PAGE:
Finding Tempo Giusto

il giusto tempo - the right time
Image by giuseppesavo via Flickr

Over the last year, I have tried to identify the correct pacing for my life — the hours I spend on business, exercise, self-development, housework, family life… As a person who enjoys home decorating and landscaping, one of the websites I have followed the past year is Slow Homes Studio. On this site, John Brown and Matthew North share their thoughts and ideas for slow homes:

“designed to be more personally satisfying, environmentally responsible, and economically reasonable than a fast house.”

Slow Homes encouraged me to read “In Praise of Slowness” by Carl Honore. Being a music therapist, it was wonderful to see the term “tempo giusto” applied to life. Tempo giusto means “at the correct speed”. This book defines slow as:

“…calm, careful, receptive, still, intuitive, unhurried, patient, reflective, quality-over-quantity.  It is about making real and meaningful connections–with people, culture, work, food, everything. The parados is that Slow does not always mean slow.”

Honore sums up the slow philosophy with the word balance. Being at tempo giusto means being in control of  our own life’s rhythm in any context. When I live at my tempo giusto, I feel “groovy”!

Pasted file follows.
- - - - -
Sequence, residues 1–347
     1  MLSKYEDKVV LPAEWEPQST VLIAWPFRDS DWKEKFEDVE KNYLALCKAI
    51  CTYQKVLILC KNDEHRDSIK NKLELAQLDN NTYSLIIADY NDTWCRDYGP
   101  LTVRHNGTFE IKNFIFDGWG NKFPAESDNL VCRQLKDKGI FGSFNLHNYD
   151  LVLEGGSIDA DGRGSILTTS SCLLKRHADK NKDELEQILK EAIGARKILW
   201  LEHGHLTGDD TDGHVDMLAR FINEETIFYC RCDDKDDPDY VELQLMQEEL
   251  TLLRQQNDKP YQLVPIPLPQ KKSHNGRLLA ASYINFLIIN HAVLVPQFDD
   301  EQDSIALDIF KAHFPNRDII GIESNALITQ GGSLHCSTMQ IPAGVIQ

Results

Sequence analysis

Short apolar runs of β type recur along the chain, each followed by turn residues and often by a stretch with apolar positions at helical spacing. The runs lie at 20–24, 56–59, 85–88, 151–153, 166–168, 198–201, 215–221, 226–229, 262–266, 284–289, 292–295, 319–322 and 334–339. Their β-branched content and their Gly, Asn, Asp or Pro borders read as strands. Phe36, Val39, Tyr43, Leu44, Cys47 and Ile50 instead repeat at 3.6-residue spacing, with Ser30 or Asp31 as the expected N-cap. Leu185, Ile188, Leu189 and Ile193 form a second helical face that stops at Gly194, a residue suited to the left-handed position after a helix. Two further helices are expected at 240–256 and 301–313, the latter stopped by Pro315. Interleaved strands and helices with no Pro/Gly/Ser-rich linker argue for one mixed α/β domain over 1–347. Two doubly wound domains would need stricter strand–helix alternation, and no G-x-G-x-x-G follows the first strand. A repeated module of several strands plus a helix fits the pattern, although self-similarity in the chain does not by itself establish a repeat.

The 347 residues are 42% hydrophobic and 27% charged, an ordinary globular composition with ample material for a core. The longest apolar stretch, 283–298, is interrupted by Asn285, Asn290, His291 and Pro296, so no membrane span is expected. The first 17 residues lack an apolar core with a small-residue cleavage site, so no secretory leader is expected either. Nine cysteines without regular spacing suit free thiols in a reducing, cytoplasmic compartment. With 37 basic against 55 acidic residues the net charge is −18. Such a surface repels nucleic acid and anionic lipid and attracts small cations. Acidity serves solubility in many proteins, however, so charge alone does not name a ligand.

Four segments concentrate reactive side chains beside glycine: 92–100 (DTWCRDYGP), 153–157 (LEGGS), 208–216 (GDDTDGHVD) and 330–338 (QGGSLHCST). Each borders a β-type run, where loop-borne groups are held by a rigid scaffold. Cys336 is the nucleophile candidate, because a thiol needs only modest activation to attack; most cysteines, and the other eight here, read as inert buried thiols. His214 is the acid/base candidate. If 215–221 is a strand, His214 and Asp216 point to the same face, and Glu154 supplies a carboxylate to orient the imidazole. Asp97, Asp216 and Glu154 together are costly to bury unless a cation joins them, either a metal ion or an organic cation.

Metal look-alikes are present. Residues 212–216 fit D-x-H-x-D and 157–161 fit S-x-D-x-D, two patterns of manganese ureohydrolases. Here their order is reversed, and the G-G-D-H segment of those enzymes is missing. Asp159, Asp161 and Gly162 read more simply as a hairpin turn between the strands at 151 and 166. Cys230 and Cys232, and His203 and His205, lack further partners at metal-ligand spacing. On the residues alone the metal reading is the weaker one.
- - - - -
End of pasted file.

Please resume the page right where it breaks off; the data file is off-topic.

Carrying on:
Over the next few posts, I hope to share more of my thoughts on this book. Given my tempo guisto, I may at times interject other topics while I seek ways to best share my reflections. Have you read the book? If so, I’d love to hear your thoughts on the concept of tempo guisto. If not, I would encourage you to add it to your reading list.


7 Replies to “Finding Tempo Giusto”

  1. I think you’re on to something here. Enjoying life in a simple, unhurried fashion is certainly the path to being in the present moment. Our brains “THINK” they are in charge, but it is really a deeper, more soulful place that should be piloting the experience. Good luck with your process. The world needs more of us to find it and pass it on!

  2. Thank you so much for this post! I’m on a constant mission to do the same in my life/environment. You’ve inspired me to re-visit “In Praise of Slowness”… I’ve had this book for a while (thanks to the hubs) and have only been reading it now and then. 🙂 Of course, Edward sees this book as reason to encourage more walkable/livable communities.

    Looking forward to the rest of your thoughts on this.

    1. For me, the book as a whole views “slowness” as individual choices. And, much can be said for walkable when you live in a metro area with public transportation and have generally decent weather. I am always amazed how few residential sidewalks there are in Florida. When last we lived there, we could walk to an elementary school, branch library, Walgreens, and grocery story if we were getting just a few things. (My weekly grocery load made the car necessary.)

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